AbbVie’s financial update for the first quarter provided some detail on the situation facing Humira (adalimumab) – the product which has formed the backbone of the company’s portfolio for a number of years, as well as being the biggest-selling drug in the world for much of this period.
As the patents protecting the treatment fell away in the US, the entry of biosimilars onto the market has had a significant impact on revenues from the product. In the results, AbbVie revealed that global net revenues for Humira were down to $3.5bn (€3.15bn), representing a 25.2% drop on a reported basis.
With biosimilars having entered the US market at the beginning of the year, the company also noted a 26.1% decrease in sales in the country.
Regarding the situation, Rick Gonzalez, CEO of AbbVie, told investors on a call: “We are one quarter into the US biosimilar event for Humira, and are managing the erosion well. Most importantly, our growth platform is demonstrating strong performance, exceeding our expectations. We are executing well across all aspects of our business, and see numerous opportunities for our diverse portfolio to drive long-term growth.”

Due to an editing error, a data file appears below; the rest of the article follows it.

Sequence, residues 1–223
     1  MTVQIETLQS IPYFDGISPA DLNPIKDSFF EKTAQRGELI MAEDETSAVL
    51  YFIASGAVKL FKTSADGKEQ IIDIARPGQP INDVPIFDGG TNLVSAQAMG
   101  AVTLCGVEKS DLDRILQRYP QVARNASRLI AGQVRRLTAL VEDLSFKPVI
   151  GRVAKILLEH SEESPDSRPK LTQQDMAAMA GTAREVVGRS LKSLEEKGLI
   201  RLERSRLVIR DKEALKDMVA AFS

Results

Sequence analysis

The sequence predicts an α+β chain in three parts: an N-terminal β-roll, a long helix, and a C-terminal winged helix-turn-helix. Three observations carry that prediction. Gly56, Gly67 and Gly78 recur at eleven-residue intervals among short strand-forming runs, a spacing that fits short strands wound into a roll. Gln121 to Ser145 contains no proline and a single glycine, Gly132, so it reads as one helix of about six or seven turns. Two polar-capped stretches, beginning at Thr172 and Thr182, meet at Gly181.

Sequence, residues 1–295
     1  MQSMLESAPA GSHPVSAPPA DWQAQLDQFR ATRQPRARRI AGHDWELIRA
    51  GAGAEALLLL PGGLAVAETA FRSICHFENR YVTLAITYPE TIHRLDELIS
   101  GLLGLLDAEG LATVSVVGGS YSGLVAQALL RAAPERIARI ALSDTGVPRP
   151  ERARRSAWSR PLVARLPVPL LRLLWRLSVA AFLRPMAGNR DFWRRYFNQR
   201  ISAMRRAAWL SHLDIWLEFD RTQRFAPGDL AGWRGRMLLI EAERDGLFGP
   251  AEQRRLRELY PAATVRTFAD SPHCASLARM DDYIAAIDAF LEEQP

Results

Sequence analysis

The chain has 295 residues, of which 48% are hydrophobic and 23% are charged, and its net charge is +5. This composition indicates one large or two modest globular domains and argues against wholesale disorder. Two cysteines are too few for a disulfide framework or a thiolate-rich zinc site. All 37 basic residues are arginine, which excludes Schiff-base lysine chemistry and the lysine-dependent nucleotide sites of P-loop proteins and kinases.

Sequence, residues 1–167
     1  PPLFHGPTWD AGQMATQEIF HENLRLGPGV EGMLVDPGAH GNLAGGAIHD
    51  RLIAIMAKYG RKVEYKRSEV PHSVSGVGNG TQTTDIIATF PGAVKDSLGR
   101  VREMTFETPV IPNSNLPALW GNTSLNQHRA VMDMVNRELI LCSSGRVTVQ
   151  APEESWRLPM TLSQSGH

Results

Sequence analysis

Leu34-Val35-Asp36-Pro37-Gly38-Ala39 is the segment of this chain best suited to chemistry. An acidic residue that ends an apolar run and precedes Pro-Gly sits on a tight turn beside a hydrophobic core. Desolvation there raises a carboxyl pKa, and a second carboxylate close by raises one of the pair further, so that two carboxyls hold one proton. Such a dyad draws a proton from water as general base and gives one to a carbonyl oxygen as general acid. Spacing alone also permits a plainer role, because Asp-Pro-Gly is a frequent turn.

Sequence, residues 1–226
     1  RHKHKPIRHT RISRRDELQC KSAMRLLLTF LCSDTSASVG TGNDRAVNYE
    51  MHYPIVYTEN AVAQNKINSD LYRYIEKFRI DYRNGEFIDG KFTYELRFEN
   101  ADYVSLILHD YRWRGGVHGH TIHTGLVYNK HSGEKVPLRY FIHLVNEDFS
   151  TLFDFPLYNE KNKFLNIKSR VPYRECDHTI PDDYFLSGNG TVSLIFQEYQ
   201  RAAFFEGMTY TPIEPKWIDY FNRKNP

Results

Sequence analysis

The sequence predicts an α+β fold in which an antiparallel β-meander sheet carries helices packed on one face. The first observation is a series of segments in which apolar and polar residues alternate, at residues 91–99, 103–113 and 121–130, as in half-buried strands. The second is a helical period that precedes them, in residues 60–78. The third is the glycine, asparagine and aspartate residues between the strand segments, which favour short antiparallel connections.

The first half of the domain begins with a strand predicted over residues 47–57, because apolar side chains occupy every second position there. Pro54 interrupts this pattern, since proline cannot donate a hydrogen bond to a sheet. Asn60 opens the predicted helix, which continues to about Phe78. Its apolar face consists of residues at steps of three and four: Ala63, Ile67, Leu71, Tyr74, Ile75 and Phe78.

The other areas of growth for the company were centered around Skyrizi (risankizumab) and Rinvoq (upadacitinib), the latter being a JAK inhibitor that targets inflammation, and the former being a monoclonal antibody approved to treat plaque psoriasis, and other conditions. Global sales for the products saw Skyrizi bring in net revenue of $1.3bn and Rinvoq $686m.
However, overall, with the impact on Humira sales, global net revenue of $12.225bn represented a decrease of 9.7% on a reported basis over the previous year. Tom Hudson, chief scientific officer at the company, also noted that there will be seven to nine biosimilars coming onto the market ‘in the middle of the year’, further impacting US sales of Humira.
Hudson also revealed that the company had decided not to pursue further development for two drug candidates targeting cystic fibrosis and Crohn’s disease. He outlined that ABBV-576, as part of a triple-therapy, did not meet the company’s criteria to advance further, and therefore AbbVie would discontinue the cystic fibrosis program.
The Crohn’s disease candidate, ABBV-154, did show signs of efficacy, Hudson noted, but its benefit-risk profile “would not sufficiently differentiate 154 from other available treatments.” This conclusion also saw the company decide not pursue further development of the asset.